Then they caught hold of the yoke, and spilt the water, snatched off one another's shawls, and began fighting. Gabriel, returning from the fields, stopped to take his wife's part. Out rushed Iván and his son and joined in with the rest. Iván was a strong fellow, he scattered the whole lot of them, and pulled a handful of hair out of Gabriel's beard. People came to see what was the matter, and the fighters were separated with difficulty.

That was how it all began.

Gabriel wrapped the hair torn from his beard in a paper, and went to the District Court to have the law of Iván. 'I didn't grow my beard,' said he, 'for pockmarked Iván to pull it out!' And his wife went bragging to the neighbours, saying they'd have Iván condemned and sent to Siberia. And so the feud grew.

The old man, from where he lay on the top of the oven, tried from the very first to persuade them to make peace, but they would not listen. He told them, 'It's a stupid thing you are after, children, picking quarrels about such a paltry matter. Just think!

The whole thing began about an egg. The children may have taken it -- well, what matter? What's the value of one egg? God sends enough for all! And suppose your neighbour did say an unkind word -- put it right; show her how to say a better one! If there has been a fight -- well, such things will happen; we're all sinners, but make it up, and let there be an end of it! If you nurse your anger it will be worse for you yourselves.'

But the younger folk would not listen to the old man. They thought his words were mere senseless dotage. Iván would not humble himself before his neighbour.

'I never pulled his beard,' he said, 'he pulled the hair out himself.

But his son has burst all the fastenings on my shirt, and torn it. . . . Look at it!'

And Iván also went to law. They were tried by the Justice of the Peace and by the District Court. While all this was going on, the coupling-pin of Gabriel's cart disappeared. Gabriel's womenfolk accused Ivan's son of having taken it. They said: 'We saw him in the night go past our window, towards the cart; and a neighbour says he saw him at the pub, offering the pin to the landlord.'

So they went to law about that. And at home not a day passed without a quarrel or even a fight. The children, too, abused one another, having learnt to do so from their elders; and when the women happened to meet by the river-side, where they went to rinse the clothes, their arms did not do as much wringing as their tongues did nagging, and every word was a bad one.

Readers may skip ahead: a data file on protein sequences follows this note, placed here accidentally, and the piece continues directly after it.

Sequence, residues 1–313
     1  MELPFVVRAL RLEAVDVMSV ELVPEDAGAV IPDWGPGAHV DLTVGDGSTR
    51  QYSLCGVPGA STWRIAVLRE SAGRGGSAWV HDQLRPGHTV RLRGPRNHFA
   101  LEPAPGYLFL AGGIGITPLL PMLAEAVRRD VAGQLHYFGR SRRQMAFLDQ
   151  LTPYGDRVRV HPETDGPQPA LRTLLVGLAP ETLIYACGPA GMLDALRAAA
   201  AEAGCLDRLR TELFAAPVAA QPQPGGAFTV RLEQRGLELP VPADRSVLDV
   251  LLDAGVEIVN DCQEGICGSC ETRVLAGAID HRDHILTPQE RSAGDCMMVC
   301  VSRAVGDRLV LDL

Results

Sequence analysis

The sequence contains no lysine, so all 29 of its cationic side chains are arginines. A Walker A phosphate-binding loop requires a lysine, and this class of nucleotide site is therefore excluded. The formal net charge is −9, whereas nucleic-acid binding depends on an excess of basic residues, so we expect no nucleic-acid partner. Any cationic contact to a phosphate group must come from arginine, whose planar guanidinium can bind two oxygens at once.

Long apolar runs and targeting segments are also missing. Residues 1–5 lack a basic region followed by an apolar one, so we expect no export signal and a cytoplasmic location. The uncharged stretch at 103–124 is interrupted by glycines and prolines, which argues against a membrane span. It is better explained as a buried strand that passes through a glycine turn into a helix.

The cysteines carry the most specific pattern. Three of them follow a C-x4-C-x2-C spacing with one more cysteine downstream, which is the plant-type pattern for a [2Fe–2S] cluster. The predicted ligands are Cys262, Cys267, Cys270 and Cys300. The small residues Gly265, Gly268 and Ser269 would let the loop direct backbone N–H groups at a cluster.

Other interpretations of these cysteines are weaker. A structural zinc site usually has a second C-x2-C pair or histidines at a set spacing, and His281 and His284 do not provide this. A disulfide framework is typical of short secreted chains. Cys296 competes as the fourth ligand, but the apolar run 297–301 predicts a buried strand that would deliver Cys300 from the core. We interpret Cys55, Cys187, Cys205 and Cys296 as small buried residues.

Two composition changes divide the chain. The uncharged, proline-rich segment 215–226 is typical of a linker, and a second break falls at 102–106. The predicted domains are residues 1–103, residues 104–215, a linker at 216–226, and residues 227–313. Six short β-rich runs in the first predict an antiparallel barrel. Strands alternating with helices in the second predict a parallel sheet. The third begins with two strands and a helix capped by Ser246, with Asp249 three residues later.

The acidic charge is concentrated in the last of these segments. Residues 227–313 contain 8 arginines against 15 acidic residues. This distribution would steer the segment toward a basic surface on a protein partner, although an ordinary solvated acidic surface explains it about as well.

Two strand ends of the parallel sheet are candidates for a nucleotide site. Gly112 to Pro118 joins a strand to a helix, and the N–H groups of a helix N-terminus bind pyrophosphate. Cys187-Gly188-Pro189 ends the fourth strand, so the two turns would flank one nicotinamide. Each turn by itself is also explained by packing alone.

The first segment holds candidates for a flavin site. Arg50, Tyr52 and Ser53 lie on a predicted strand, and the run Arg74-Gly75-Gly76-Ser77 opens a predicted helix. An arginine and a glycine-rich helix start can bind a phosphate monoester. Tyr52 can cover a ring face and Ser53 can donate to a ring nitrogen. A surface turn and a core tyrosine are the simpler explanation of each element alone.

At first the peasants only slandered one another; but afterwards they began in real earnest to snatch anything that lay handy, and the children followed their example. Life became harder and harder for them. Iván Stcherbakóf and Limping Gabriel kept suing one another at the Village Assembly, and at the District Court, and before the Justice of the Peace until all the judges were tired of them. Now Gabriel got Iván fined or imprisoned; then Iván did as much to Gabriel; and the more they spited each other the angrier they grew -- like dogs that attack one another and get more and more furious the longer they fight. You strike one dog from behind, and it thinks it's the other dog biting him, and gets still fiercer. So these peasants: they went to law, and one or other of them was fined or locked up, but that only made them more and more angry with each other. 'Wait a bit,' they said, 'and I'll make you pay for it.' And so it went on for six years. Only the old man lying on the top of the oven kept telling them again and again: 'Children, what are you doing? Stop all this paying back; keep to your work, and don't bear malice -- it will be better for you. The more you bear malice, the worse it will be.'

But they would not listen to him.

In the seventh year, at a wedding, Ivan's daughter-in-law held Gabriel up to shame, accusing him of having been caught horse-stealing. Gabriel was tipsy, and unable to contain his anger, gave the woman such a blow that she was laid up for a week; and she was pregnant at the time. Iván was delighted.

He went to the magistrate to lodge a complaint. 'Now I'll get rid of my neighbour! He won't escape imprisonment, or exile to Siberia.' But Ivan's wish was not fulfilled. The magistrate dismissed the case. The woman was examined, but she was up and about and showed no sign of any injury. Then Ivan went to the Justice of the Peace, but he referred the business to the District Court. Ivan bestirred himself: treated the clerk and the Elder of the District Court to a gallon of liquor and got Gabriel condemned to be flogged. The sentence was read out to Gabriel by the clerk: 'The Court decrees that the peasant Gabriel Gordéyef shall receive twenty lashes with a birch rod at the District Court.'

Ivan too heard the sentence read, and looked at Gabriel to see how he would take it. Gabriel grew as pale as a sheet, and turned round and went out into the passage. Ivan followed him, meaning to see to the horse, and he overheard Gabriel say, 'Very well! He will have my back flogged: that will make it burn; but something of his may burn worse than that!'

Hearing these words, Ivan at once went back into the Court, and said:

'Upright judges! He threatens to set my house on fire!

Listen: he said it in the presence of witnesses!'

Gabriel was recalled. 'Is it true that you said this?'

'I haven't said anything. Flog me, since you have the power. It seems that I alone am to suffer, and all for being in the right, while he is allowed to do as he likes.'

Gabriel wished to say something more, but his lips and his cheeks quivered, and he turned towards the wall. Even the officials were frightened by his looks. 'He may do some mischief to himself or to his neighbour,' thought they.

Leo Tolstoy